Friday, September 13, 2013

Friday Foto: Still Raining

Just to put this picture in perspective. The creek is on the left. There used to be a 15' bank to a cheery little creek meandering through the willows where the coyotes would come to drink. The water looks to be at least 10' deep, if not more. The wide plain of water between the creek and the paddocks is where we stood to take pictures of Ashke with Liz. Just off camera to the right is a gravel road that runs from the main parking lot between the Indoor Arena and the Main Barn to the upper paddocks.

This is the other side of the creek. You can see the gravel road leading from the parking lot to the upper paddocks. This swath of water is where a low grazing area used to be. Now, it is raging stream.

That edge you can see is what used to be a drop off into the canal. There has to be fifteen feet of water there. And a drain pipe. And there used to be a small dirt pathway between the lower creek and the upper pond, which is lined with cattails and some old cottonwood trees.

Thankfully, all of the horse paddocks are on high ground and the horses are all safe. Ashke and Cali are bedded down in their stalls, and although I'm sure Ashke is a bit bored not being able to play with Fool or Pearl, he is healthy, dry and safe. N says that his run is pretty decent too, which makes me feel good about putting the squeegee in his run.

This is where the road used to be going to the upper paddocks. I'm very curious how they are getting hay from the hay barn up there and dropping the shavings/stall muck onto the muck pile which is at the upper end of the property. The water to the right has to be eight or nine feet deep.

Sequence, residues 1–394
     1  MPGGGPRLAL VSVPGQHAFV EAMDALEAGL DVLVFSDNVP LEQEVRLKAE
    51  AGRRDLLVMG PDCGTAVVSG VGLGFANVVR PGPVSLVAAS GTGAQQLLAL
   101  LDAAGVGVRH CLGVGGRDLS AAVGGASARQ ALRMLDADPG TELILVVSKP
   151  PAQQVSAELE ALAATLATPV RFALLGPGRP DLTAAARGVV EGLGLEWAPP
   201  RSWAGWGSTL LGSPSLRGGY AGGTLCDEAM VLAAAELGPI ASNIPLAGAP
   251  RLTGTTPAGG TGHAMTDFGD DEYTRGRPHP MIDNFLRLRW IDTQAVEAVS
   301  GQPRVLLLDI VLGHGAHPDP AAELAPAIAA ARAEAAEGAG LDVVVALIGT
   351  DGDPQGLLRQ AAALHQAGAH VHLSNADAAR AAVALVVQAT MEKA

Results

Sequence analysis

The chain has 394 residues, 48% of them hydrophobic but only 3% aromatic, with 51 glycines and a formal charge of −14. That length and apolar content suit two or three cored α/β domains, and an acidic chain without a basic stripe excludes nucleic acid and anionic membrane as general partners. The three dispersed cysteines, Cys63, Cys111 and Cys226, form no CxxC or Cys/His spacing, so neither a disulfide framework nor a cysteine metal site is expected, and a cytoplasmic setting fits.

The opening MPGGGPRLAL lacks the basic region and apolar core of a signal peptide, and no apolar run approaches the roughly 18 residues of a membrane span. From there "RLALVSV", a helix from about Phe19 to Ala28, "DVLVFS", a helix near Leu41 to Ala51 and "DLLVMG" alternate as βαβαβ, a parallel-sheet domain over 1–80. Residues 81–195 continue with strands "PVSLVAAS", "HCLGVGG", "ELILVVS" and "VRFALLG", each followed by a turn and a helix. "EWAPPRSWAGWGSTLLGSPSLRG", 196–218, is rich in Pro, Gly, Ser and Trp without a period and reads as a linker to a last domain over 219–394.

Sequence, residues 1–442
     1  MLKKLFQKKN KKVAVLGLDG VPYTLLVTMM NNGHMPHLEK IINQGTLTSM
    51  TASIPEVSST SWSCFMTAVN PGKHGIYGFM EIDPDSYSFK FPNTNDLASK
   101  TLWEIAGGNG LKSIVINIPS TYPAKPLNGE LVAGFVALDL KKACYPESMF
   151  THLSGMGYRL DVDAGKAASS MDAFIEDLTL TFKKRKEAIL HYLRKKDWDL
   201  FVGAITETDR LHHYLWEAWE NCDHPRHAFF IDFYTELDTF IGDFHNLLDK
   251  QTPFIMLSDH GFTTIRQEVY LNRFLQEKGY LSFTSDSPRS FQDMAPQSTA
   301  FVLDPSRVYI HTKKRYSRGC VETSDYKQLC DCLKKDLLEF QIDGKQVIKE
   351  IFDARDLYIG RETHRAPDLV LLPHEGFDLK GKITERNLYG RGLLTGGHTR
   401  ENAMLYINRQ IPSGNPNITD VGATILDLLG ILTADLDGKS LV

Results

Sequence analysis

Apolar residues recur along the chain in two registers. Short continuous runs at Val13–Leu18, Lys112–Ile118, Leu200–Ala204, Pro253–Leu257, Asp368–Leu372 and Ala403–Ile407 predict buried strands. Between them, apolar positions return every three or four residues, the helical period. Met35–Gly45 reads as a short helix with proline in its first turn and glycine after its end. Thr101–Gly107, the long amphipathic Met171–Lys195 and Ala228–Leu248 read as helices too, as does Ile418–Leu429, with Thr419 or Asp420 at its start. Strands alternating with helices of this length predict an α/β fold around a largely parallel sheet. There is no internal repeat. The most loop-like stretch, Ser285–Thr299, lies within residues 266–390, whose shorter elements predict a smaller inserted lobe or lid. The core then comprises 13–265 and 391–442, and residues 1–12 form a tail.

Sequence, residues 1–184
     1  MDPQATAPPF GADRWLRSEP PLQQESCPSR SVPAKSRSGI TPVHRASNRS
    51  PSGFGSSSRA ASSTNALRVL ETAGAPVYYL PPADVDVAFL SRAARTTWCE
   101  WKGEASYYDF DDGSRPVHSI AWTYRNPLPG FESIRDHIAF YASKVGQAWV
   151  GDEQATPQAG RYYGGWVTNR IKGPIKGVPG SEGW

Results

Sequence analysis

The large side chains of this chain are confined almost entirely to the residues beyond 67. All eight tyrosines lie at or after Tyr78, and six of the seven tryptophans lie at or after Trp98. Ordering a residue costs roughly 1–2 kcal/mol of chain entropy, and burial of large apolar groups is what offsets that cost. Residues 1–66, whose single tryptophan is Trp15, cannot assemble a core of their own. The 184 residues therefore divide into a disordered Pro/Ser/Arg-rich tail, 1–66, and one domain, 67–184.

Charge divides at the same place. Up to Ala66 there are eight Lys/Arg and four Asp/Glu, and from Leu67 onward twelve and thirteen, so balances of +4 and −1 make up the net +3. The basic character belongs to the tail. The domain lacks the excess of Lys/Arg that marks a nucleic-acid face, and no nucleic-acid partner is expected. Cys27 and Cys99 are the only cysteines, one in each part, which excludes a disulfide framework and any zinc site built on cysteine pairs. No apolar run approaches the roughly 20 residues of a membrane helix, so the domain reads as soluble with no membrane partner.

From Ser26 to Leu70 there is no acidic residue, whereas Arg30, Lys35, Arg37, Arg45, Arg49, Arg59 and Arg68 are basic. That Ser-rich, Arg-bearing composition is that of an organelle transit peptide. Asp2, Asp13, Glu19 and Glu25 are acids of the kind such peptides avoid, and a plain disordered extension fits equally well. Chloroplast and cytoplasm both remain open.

And then you have this. A poor little lost crayfish on the parking lot instead of in his stream, like he should be.

I am having mental issues with figuring out why this whirlpool is happening in the middle of this pool of water. There has to be a drain down there that is emptying onto the other side of the gravel road. Although the other side of the gravel road is the very first picture I posted, so I'm not sure how the water is moving fast enough to cause a whirlpool. Curious.

We are, thankfully, dry and safe at home. Our condo is on a hill and with the improvements to the building that were completed 18 months ago, there is no accummulation of water in our crawl space. The dogs aren't happy with the rain, they definitely prefer snow, but other than that we are doing great. I think our rain total is over 10" for the city of Thornton.

Unfortunately, the rain is predicted to continue until Monday. The small town of Lyons was completely evacuated by the National Guard this morning, Hwy 34 from Loveland to Estes Park has lost it's road in two places, which does not bode well for getting to Estes Park. The only way in or out of Estes is over Trail Ridge road, I've been told. Hopefully, there will be no snow until the access roads up are fixed. Estes Park has gotten 15" of rain in the past two days. At one inch of rain per 10" of snow, they could have had 12.5 FEET of snow, had this storm come when it was a tad bit colder.

Boulder is under heavy flooding. The pictures coming out of there make me very happy J and I haven't pursued our dream of living in Boulder. Boulder has gotten at least 15" of rain as well.


  1. I'm sitting at a window watching my little boys splash in rain puddles up and down the street collected in the gutters and just thought....yeah. not so much the kind of rain you guys are getting. :)
    Here's hoping things dry out a bit. Thanks for the update.

  2. Yikes... that's a lot of water.

  3. That's a lot of water. Good thing the paddocks are high and dry. Hang on another day; sunshine in the near forecast, if everyone can get through tonight and Monday. Your horse is beautiful.